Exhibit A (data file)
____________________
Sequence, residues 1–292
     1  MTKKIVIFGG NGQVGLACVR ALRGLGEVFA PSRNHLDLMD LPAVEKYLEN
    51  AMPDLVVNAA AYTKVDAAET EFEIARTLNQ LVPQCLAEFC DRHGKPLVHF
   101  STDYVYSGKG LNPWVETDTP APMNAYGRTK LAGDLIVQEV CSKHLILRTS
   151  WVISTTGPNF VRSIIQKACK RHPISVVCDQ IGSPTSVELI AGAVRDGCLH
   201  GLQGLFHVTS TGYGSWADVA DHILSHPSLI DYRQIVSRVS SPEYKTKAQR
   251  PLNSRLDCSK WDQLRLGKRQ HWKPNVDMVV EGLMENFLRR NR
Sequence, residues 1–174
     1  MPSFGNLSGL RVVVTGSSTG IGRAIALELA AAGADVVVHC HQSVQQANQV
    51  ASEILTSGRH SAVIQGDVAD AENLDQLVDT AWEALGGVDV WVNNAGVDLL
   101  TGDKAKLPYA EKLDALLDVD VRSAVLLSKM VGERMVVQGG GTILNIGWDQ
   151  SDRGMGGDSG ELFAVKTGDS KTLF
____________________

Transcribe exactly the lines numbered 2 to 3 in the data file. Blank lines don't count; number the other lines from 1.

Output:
     1  MTKKIVIFGG NGQVGLACVR ALRGLGEVFA PSRNHLDLMD LPAVEKYLEN
    51  AMPDLVVNAA AYTKVDAAET EFEIARTLNQ LVPQCLAEFC DRHGKPLVHF